As he continues with his work, elsewhere in the market brand new knives, skewers, barbeque grills, coal and wood chopping blocks are up for sale. Qamar Zaman manages one such shop and says, “The business is good and knives and grills are selling well.”

With sacrificial meat being distributed and exchanged in abundance for Eid, there is barely a household without a surplus of mutton or beef. Hence people like Amir Raza and Iftikhar Khan, both government employees, opt for barbequed meals.

“We look forward to this every year. The children particularly enjoy it and it is good fun for them,” says Amir, while Iftikhar narrates how his family went to Simly Dam last year to grill the meat: “It was a day out my children still remember.”

However, for those wishing to avoid this hassle, some restaurants also offer to roast meat. This is a good bargain for those with a few hundred rupees to spare. “We have many people bringing in their meat,” says a restaurant manager.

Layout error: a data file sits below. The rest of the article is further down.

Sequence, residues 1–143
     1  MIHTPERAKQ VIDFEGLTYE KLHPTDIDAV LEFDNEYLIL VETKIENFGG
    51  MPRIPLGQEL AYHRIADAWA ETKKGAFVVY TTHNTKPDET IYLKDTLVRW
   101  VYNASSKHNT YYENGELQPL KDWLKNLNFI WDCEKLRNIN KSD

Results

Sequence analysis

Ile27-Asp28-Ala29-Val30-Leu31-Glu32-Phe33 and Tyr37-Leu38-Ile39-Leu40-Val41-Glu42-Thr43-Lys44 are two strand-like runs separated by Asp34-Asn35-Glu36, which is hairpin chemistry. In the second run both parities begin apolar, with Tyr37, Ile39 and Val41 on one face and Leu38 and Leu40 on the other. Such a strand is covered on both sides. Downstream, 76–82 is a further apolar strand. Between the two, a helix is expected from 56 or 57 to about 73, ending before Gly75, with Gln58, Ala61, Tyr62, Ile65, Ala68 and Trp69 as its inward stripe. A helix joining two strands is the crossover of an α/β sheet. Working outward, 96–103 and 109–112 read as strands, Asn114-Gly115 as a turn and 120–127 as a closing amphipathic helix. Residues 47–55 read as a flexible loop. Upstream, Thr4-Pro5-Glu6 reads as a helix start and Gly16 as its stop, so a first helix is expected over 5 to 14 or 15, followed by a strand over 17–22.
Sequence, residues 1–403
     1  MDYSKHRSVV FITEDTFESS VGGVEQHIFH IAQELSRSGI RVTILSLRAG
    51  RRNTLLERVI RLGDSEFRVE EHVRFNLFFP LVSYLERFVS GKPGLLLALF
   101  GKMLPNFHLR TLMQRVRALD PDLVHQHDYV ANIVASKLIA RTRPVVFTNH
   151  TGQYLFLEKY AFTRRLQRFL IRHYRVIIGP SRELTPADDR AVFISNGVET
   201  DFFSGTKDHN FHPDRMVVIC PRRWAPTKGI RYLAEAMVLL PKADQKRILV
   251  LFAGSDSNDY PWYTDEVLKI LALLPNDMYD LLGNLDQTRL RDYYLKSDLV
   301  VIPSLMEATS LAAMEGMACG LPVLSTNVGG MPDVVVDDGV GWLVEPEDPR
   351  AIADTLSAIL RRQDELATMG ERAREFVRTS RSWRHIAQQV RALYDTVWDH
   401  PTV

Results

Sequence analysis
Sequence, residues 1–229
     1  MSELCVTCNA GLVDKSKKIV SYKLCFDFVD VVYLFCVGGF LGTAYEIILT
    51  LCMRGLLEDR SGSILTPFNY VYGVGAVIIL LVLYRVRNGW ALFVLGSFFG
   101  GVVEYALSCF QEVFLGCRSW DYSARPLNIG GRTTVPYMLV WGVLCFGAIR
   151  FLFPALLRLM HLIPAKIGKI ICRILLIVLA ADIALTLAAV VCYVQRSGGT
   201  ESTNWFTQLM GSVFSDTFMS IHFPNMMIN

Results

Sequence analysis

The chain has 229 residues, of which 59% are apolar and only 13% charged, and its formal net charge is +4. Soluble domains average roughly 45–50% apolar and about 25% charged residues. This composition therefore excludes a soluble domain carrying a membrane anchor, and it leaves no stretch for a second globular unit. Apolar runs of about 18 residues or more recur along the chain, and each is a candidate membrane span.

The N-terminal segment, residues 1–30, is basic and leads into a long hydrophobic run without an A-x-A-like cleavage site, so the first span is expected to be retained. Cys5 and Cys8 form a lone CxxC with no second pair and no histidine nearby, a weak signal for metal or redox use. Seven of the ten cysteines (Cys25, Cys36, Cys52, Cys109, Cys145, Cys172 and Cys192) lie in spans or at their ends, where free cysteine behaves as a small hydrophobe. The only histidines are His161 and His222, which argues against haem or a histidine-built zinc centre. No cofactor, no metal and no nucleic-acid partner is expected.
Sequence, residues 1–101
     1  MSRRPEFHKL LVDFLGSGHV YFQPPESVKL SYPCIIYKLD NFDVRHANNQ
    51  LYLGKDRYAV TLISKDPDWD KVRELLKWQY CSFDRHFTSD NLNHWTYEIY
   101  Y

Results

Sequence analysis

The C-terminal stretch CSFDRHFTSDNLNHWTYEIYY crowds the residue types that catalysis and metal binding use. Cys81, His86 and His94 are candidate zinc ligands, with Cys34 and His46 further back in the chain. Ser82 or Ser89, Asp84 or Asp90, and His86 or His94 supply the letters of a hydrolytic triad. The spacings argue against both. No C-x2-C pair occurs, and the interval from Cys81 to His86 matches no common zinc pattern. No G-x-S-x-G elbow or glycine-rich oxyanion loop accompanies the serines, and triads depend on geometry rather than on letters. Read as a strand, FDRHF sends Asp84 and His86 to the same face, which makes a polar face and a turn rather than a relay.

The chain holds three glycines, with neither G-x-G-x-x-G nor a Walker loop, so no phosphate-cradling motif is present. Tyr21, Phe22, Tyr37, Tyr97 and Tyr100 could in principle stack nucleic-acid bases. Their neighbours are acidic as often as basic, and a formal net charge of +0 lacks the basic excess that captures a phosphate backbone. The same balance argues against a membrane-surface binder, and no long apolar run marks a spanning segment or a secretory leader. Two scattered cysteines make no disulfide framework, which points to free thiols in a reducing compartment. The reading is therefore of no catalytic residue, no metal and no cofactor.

Indeed Eidul Azha provides a good chance for many to earn quick money, be they cattle owners selling their animals at the H-11 Market, shopkeepers at centres like Aabpara, coal sellers or butchers.

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Wednesday, December 27, 2006

BBQ Recippes: Six Hour Pork Roast

I got this from Lisa over at Champaign Taste who got it from Cynthia at The Sandwich Life. This is another example of a recipe for indoor cooking that can really benefit from time spent in the smoke. Hell, even the oven temperture recommended is just over where I usually keep my pits when I barbeque.

This recipe reminds me of a recipe for pork (fresh ham) that my Abuela used to make. She always used a picnic instead of a Boston butt, but this sounds remarkably similar. Unfortunately my grandmother passed away without sharing her recipes, so I can't give you her version; but in another post I'll give you my version of her Cuban style roast pork.

Six-Hour Roast Pork from Mimosa, Los Angeles, CA 1999

2 tablespoons finely chopped fresh sage
2 tablespoons fresh rosemary
10 garlic cloves
1 tablespoon fennel seeds